1995. Jars of Clay released their classic self-titled album. I was still a child, just discovering Christian music. Like most people in America, Christian or non, I bought this CD because of their crossover hit, “Flood”. And until 2000, “Flood” was the primary song I listened to on the album.
2000. I was 16 and just starting to understand what it means to follow Jesus. I heard the Gospel explained in applicable language for the first time in my life and my relationship with God grew into something new and different. As I immersed myself in Christian culture and media, I revisited my old Jars of Clay CD. Suddenly, “Like a Child” became my go-to track.
I liked it for a few reasons:
- Understanding that I could do anything through Jesus, if I just believed, was a new concept for me. And it was exciting. Like I discovered a superpower I never knew I had.
- I defined childlike faith as sold-out, no-questions-asked, all-on-board, 150% IN-IT-TO-WIN-IT. Anything less than that level of intensity seemed disrespectful to God, in my opinion.
- Let’s be honest–it has a repetitive, catchy melody. Real catchy.
I held onto that definition of childlike faith for a long time. At 30, I’m just beginning to realize that it wasn’t very accurate. And it may have held me back in my spiritual development over the last 15 years of my life with Jesus.
2 Jesus called a little child to him and put the child among them. 3 Then he said, “I tell you the truth, unless you turn from your sins and become like little children, you will never get into the Kingdom of Heaven. 4 So anyone who becomes as humble as this little child is the greatest in the Kingdom of Heaven. Matthew 18:2-4
If you know a pre-schooler, think about them for a minute. When you teach them about how something works or the way something is, how do they typically respond?
They. Ask. Questions.
Lots of them. They rarely take anything at face value. They want to know the ins-and-outs. How it came to be that way. Why it’s that way now. Who made it that way. What was that person thinking? What’s their favorite color? What’s their middle name? And it goes on.
As a parent—sure, it might get annoying–but aren’t you encouraged when your child insists on understanding all the details of a topic? You know they’re growing. You know they’re becoming integrated with life on earth. Their life experiences are becoming deepened. They’re becoming more fully human.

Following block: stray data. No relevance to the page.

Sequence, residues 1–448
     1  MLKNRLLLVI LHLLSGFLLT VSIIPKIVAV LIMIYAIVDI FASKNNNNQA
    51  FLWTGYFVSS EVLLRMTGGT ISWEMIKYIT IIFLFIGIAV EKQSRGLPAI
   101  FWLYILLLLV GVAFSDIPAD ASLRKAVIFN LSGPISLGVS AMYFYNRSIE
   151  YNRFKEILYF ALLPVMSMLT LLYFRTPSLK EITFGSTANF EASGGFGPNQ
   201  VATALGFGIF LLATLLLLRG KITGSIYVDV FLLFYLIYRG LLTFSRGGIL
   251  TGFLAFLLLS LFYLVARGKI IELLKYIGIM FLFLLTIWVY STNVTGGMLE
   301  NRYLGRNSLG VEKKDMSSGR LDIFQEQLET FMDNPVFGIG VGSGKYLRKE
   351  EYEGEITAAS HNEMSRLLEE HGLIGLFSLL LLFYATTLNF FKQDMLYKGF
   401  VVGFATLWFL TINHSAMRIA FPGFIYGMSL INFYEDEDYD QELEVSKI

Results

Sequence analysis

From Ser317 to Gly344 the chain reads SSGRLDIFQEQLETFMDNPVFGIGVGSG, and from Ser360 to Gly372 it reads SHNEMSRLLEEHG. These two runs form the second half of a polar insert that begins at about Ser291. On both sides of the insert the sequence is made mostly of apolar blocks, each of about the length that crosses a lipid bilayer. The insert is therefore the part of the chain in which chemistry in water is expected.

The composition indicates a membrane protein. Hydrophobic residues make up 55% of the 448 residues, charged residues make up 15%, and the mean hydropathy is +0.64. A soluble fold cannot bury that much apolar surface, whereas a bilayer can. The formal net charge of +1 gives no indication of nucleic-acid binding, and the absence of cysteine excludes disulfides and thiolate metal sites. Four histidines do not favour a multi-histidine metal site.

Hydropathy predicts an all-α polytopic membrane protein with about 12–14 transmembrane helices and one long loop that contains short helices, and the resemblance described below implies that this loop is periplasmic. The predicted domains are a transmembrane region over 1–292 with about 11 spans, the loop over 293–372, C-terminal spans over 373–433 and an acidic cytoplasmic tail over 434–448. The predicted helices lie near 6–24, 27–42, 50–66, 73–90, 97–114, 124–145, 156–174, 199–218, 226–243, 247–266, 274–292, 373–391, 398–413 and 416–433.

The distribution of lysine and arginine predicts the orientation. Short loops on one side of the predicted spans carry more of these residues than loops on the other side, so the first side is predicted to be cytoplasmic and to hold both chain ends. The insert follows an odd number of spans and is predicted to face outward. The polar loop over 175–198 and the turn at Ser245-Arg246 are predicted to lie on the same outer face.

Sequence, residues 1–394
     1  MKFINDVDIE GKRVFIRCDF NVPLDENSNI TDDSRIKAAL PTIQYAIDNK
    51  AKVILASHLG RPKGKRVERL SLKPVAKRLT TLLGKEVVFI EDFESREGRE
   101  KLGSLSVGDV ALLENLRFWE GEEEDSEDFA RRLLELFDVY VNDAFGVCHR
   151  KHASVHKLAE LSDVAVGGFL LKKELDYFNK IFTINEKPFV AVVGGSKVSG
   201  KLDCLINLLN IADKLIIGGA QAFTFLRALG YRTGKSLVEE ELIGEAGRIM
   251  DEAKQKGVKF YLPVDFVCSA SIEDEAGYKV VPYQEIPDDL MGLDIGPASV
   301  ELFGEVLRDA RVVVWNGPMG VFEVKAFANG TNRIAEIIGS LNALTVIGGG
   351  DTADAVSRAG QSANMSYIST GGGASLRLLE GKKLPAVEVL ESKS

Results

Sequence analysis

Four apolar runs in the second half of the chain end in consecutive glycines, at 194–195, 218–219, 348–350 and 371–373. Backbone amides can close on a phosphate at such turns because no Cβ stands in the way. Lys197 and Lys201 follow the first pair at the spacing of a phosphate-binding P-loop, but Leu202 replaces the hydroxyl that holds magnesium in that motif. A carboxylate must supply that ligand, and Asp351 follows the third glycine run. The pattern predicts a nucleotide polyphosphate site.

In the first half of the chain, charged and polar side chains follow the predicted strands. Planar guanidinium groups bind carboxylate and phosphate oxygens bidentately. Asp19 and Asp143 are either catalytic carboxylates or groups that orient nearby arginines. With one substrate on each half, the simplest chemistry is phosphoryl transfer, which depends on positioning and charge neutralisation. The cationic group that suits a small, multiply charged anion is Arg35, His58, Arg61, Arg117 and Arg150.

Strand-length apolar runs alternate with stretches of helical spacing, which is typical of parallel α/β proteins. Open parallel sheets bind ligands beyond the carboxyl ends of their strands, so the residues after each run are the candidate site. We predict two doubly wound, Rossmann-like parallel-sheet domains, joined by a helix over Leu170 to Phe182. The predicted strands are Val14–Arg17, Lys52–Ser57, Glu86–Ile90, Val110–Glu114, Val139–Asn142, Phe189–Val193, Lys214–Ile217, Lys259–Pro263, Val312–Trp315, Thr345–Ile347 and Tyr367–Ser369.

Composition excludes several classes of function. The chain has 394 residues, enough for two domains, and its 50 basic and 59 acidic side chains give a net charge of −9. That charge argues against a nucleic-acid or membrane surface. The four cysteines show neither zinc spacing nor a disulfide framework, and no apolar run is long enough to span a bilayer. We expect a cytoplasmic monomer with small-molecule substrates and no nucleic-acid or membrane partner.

I have a friend whose pre-schooler has yet to enter the, “But why?” stage of development. She’s expressed a little bit of worry about the fact that he takes everything as 100% truth and never questions anything. Everything is a fact and he’s comfortable with that. He’s all about his momma’s word–sold-out, all-in, no-questions-asked. In fact, he has a frequent pattern of speaking that goes like this:
G: “So we are going to the zoo today.”
Mom: “Yes, we are.”
G: “The zoo is in Roseville.”
Mom “Yes, it is.”
G: “There are gorillas at the zoo.”
Mom: “Yes………there are.”
And it continues. An adorable and incredibly articulate onslaught of statements about things he knows to be factual.
While I’m confident her little boy will get there in his own time (and she’ll probably regret ever wanting him to get there, at times) I have to believe that everyone’s faith development must work in a similar way. I don’t think I could’ve started asking the really hard questions at 21 or even 25. Because I’m not sure I could’ve held onto faith and questioned it simultaneously at those stages in my faith. But today, my relationship with God is continually deepened by walking deeper into this dark, cavernous tunnel with God’s hand on the small of my back, guiding me gradually to the other side, excitedly and proudly pointing me toward new discoveries, and free places to unashamedly wrestle and doubt.
It took me 15 years to start asking questions. I mean, the really hard, stretching, scary questions. Questions that force you to figure out what and why you really believe. Taking the example of a curious child and reforming my definition of childlike faith is deepening my relationship with God. Children are brave–they ask unlimited questions and don’t worry about coming off like they don’t trust your word. They just want to really understand.
Maybe growing more spiritually mature looks less like rising up and more like shrinking down to the most childlike posture, where we’re unafraid to dig deep and break things down. I think faith like a child is really about hearing our Father speak truth, accepting it as truth, latching onto it, but then looking him in the eyes and asking, “But why?”
2 Like newborn babies, you must crave pure spiritual milk so that you will grow into a full experience of salvation. 1 Peter 2:2
Rather, you must grow in the grace and knowledge of our Lord and Savior Jesus Christ. All glory to him, both now and forever! Amen. 2 Peter 3:18